The Future of Recycled DiamondsApril 26, 23
Jewelers in India have done something unusual.
They've created a ring with more diamonds than any other - 50,907 to be precise - which has earned them a Guinness World Record.
But the number of diamonds is not, for me, the unusual part. I have no doubt that with enough time, skill and resources the record set by H.K. Designs and Hari Krishna Exports will soon be broken. Especially with the loosest possible definition of what a ring is.
What I found unusual was the fact that every one of the 50,907 diamonds, a total weight of just over 130 carats, was recycled. As indeed was every gram of gold (total weight 460 grams).
Recycling diamonds is, of course, nothing new, and it happens everywhere along the value chain.
Camilla will wear recycled diamonds for the coronation of King Charles in just a few days' time (6 May), trading down from the 105-carat Koh-i-Noor to something a little smaller, less showy (and less controversial).
And consumers have always traded in their heirlooms to mom and pop stores or pawn brokers when times are hard.
But recycled diamonds account really are just a drop in the ocean. They account for just $230m annually, according to the latest Tacy Diamond Pipeline Chart. That's around 0.25 per cent of all retail diamond jewelry sales.
With such a fervor these days for all things sustainable - and that may or may not include lab growns - you might have thought recycling diamonds would be quite a thing.
Nobody's expecting a bin for recycled diamonds alongside their bins for glass, plastic and paper and a. But natural diamonds are a finite resource and it makes sense to re-use them.
De Beers dipped its toe in the water back in 2014, with what it cautiously described as a research program - the International Institute of Diamond Valuation (IIDV).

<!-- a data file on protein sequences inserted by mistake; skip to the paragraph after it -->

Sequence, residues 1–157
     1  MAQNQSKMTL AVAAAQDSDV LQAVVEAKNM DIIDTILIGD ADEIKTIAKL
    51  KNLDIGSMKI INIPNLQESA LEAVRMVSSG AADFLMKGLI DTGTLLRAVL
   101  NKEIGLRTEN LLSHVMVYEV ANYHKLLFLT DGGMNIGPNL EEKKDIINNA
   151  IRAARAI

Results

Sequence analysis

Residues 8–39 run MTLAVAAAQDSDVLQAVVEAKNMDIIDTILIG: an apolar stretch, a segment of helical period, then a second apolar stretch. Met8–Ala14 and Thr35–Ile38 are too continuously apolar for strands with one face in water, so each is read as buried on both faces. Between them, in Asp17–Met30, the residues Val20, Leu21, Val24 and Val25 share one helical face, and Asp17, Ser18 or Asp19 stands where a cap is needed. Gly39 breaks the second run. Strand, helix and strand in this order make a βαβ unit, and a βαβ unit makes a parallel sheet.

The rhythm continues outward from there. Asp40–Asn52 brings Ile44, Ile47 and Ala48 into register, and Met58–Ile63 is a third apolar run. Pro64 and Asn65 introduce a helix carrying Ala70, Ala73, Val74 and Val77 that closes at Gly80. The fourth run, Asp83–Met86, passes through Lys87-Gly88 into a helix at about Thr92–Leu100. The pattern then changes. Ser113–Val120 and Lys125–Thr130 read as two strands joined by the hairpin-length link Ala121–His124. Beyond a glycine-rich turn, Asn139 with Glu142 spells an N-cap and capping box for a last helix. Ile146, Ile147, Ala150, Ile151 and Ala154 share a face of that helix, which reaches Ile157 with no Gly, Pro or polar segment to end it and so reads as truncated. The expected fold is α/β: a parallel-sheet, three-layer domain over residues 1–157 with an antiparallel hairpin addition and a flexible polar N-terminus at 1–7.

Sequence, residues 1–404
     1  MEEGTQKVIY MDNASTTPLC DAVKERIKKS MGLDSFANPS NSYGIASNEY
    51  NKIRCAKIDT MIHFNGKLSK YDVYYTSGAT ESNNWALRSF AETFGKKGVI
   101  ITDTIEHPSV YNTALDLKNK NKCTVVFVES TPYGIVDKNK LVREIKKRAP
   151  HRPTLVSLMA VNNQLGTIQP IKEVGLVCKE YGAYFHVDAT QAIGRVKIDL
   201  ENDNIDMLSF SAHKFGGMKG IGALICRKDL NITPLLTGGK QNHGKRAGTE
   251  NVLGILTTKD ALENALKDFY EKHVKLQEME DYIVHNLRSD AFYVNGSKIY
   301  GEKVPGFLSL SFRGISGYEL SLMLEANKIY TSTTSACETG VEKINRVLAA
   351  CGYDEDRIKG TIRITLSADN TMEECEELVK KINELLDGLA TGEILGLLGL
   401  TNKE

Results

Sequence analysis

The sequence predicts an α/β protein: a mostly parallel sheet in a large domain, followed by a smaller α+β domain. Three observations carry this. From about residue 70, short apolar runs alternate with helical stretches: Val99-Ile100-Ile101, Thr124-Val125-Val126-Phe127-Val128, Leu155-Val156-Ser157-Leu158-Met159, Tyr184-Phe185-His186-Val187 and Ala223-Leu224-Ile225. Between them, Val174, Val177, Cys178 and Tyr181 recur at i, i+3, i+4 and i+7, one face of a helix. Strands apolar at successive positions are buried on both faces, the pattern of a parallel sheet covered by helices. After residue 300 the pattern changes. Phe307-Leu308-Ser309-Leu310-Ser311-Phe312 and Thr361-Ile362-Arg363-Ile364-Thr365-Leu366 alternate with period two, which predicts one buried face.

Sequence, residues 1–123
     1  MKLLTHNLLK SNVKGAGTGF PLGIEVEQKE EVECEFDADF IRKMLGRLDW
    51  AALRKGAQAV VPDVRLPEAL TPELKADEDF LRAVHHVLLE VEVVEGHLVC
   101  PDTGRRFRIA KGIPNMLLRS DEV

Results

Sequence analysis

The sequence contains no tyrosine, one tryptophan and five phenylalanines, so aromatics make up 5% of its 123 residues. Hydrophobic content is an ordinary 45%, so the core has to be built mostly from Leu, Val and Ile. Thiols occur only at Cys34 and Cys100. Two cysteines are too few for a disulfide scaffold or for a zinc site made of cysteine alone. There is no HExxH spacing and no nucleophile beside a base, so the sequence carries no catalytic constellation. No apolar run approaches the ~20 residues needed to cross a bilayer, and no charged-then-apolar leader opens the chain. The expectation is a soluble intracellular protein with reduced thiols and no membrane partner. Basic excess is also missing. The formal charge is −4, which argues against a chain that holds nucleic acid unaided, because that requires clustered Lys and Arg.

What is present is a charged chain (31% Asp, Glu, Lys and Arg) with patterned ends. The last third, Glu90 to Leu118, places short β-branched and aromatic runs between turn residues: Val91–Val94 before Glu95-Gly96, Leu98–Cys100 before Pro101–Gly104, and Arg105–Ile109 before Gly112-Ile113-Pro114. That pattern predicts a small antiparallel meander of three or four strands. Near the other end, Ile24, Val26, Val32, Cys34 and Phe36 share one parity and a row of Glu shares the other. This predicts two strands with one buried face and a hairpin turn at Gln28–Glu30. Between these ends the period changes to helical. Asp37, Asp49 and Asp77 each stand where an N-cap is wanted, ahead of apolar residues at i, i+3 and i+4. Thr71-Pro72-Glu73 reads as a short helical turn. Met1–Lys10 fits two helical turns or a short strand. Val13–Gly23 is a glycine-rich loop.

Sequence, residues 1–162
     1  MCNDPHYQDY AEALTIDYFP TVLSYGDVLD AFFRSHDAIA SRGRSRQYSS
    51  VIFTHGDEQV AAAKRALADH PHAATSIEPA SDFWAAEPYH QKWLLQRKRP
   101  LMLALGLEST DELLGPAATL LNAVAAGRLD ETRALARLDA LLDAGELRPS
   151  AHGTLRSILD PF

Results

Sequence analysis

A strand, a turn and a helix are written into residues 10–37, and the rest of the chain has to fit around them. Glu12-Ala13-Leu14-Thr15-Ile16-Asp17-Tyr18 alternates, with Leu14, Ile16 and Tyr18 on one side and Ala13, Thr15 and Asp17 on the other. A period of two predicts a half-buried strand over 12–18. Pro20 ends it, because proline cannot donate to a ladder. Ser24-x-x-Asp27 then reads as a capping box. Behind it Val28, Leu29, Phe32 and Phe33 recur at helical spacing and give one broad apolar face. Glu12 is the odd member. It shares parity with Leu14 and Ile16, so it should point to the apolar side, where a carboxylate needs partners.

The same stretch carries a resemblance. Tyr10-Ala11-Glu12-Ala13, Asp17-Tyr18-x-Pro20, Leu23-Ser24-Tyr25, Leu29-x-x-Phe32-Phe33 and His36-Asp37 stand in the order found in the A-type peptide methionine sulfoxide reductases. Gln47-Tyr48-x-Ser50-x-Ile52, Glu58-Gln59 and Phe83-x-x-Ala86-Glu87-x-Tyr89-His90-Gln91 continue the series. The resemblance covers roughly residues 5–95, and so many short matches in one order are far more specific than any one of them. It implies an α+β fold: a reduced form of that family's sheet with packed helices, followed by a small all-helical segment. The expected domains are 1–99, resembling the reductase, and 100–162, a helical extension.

"We believe that the only way to gain a true understanding of diamond reselling activity by consumers, is to run this small-scale program to assess how reselling has developed, how it might evolve and how it impacts consumer perceptions of diamonds," Tom Montgomery, senior vice president of strategic initiatives at De Beers said at the time.
IIDV promised to buy absolutely any diamond, and to pay the "highest possible price on the secondary, wholesale market". It closed five years later.
The prices it offered may have been decent, but it didn't attract enough jewelers. Many find second hand diamonds a burden.
They clearly aren't going to pay whatever markup the seller paid when they originally bought their diamond. And many will consider the whole enterprise too much of a hassle.
They'll be offered old cuts, damaged goods, low-value and low-demand stones, and they'll pay as little as 20 per cent of the purchase price (assuming anyone can remember what that was).
Here's a real-life example, courtesy of The Diamond Pro, a consumer website, trying to sell a Tiffany & Co round 0.53ct diamond in a classic solitaire setting, with paperwork, that was bought new for $4,500.
They approached three companies that buy pre-owned diamonds â€” White Pine Diamonds, Worthy and Abe Mor with the ring (sorry, no color or clarity disclosed) and asked them for a price.
They were offered $1,000, $1,200 and $1,850 respectively. The best offer was just 40 per cent of the purchase price.
As reserves of natural diamonds diminish, the market for recycled stones may well increase. But consumers seem to prefer peer-to-peer platforms.
One such platform, Louped (formerly I Do Now I Don't), has listings for rings, loose diamonds, watches and jewelry.
And it's not just low-end stuff. Among the items currently offered are a gold ring with a round cut, 5.03-ct, VS2/K diamond and 2.225-ct natural sapphires for $44,500; a fancy yellow 10.57-ct diamond ring with 11.97-ct of micro pave white diamonds for $160,000; a 6.18-ct H/VS1 baguette-cut diamond for just under $29,000.
Sellers pay a commission on a sliding scale, from 20 per cent ($500 to $5,000) to 10 per cent (over $50,000).
If consumers feel they're getting a better deal online, maybe this is the future for recycled diamonds.
Have a fabulous weekend